At least seven fires and one injury that were related to some FreeStyle Libre glucose monitor products have led the US Food and Drug Administration to issue a Class I recall, the agency's strongest, which suggests that use of a device could cause "serious injuries or death."
The manufacturer, Abbott, says there have been 206 incidents related to these monitors since 2014. But no users have died due to the problem, nor have there been any serious adverse health consequences.
The issue affects more than 4.2 million devices across the US, the FDA says.
Abbott initiated a voluntary medical device correction in February on its FreeStyle Libre, FreeStyle Libre 14 day and FreeStyle Libre 2 Readers in the US because of reports from some users that the readers' lithium-ion batteries swelled, overheated and, in some cases, generated sparks or even caused a fire.
"No FreeStyle Libre readers are being physically recalled and customers can continue to safely use their readers with the Abbott-provided USB cable and power adapter. Customers do not need to return their readers. The steps outlined at www.FreeStyleBattery.com provide guidance on how to properly store, charge and use a reader and its accompanying USB cable and power adapter," Abbott told CNN in an email Friday.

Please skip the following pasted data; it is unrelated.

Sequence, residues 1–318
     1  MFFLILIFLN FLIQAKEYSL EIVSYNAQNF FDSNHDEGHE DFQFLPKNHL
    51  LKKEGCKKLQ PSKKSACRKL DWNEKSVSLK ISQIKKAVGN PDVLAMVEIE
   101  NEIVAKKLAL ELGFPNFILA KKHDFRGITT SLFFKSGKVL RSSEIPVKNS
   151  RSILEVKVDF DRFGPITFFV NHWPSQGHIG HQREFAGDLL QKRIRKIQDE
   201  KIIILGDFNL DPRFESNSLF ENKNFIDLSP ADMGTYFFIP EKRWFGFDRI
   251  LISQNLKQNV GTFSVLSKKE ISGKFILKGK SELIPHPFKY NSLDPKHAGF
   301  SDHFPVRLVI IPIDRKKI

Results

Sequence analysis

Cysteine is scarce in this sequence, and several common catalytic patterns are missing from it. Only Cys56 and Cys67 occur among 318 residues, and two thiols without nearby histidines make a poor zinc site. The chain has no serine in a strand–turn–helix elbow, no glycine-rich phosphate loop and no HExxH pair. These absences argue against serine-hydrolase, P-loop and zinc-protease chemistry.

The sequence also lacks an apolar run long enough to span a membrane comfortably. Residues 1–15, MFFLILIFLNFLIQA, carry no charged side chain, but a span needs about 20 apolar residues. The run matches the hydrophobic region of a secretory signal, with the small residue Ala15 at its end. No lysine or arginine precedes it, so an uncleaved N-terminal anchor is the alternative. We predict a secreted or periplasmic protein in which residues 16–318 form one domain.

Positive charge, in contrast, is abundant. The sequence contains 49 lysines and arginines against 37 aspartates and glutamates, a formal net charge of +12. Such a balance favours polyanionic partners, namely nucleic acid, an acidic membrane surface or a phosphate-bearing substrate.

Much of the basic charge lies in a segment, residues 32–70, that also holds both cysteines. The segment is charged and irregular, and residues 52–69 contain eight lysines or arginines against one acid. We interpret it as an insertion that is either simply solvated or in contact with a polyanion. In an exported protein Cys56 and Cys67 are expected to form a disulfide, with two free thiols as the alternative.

The company sent letters to some users of the FreeStyle Libre readers on February 13.
People with diabetes use glucose monitors to check their blood sugar levels because of problems with how their body makes or uses insulin, a hormone that helps blood sugar enter cells, where it is used for energy. Without insulin, sugar can build up in the bloodstream and break down the body's own fat and muscle.
A continuous glucose monitor uses a handheld device that reads a sensor placed on the back of the person's upper arm to capture real-time glucose levels.
The monitor used with the FreeStyle Libre line uses lithium-ion batteries similar to those in a mobile phone. The battery is recharged with a yellow USB cable that Abbott provides with the equipment and which limits electric current to safely charge the battery. Use of other USB cables or power adapters, along with misuse of the equipment such as damage or exposure to liquids, may increase the risk of fire, the FDA's recall says.
The problem involves only the reader, not the sensor that the person wears on their arm.
Unlike more common recalls in which customers are told to dispose of or return their items, this type of correction instructs users to continue using their devices but only with the equipment provided to recharge the device. The equipment should also be properly stored between temperatures of -4 and 140 degrees Fahrenheit. The reader should never be put in water, and the USB port should be kept clean. More information is available in the device's user guide.
Users of these glucose monitoring devices also have the option to use an app on their phone to receive the glucose data, but this requires a new sensor, the FDA said.
Customers who have questions or who want to learn about testing, storing charging or using their reader can visit www.FreeStyleBattery.com or contact Abbott customer service at 1-855-632-8658. Customers may also contact Abbott if they need a replacement power adapter or yellow USB cable.
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